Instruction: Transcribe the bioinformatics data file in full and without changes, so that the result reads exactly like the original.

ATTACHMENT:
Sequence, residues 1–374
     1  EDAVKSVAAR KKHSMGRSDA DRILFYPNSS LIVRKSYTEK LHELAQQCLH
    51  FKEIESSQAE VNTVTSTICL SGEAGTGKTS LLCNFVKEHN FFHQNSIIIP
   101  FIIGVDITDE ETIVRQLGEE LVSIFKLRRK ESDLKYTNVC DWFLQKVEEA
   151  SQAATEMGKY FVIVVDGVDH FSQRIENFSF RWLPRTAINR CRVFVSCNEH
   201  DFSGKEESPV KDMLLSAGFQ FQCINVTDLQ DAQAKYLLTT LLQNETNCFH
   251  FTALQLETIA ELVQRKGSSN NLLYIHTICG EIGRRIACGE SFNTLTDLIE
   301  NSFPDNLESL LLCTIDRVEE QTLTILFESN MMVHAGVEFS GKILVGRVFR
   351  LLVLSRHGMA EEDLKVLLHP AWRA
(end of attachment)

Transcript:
Sequence, residues 1–374
     1  EDAVKSVAAR KKHSMGRSDA DRILFYPNSS LIVRKSYTEK LHELAQQCLH
    51  FKEIESSQAE VNTVTSTICL SGEAGTGKTS LLCNFVKEHN FFHQNSIIIP
   101  FIIGVDITDE ETIVRQLGEE LVSIFKLRRK ESDLKYTNVC DWFLQKVEEA
   151  SQAATEMGKY FVIVVDGVDH FSQRIENFSF RWLPRTAINR CRVFVSCNEH
   201  DFSGKEESPV KDMLLSAGFQ FQCINVTDLQ DAQAKYLLTT LLQNETNCFH
   251  FTALQLETIA ELVQRKGSSN NLLYIHTICG EIGRRIACGE SFNTLTDLIE
   301  NSFPDNLESL LLCTIDRVEE QTLTILFESN MMVHAGVEFS GKILVGRVFR
   351  LLVLSRHGMA EEDLKVLLHP AWRA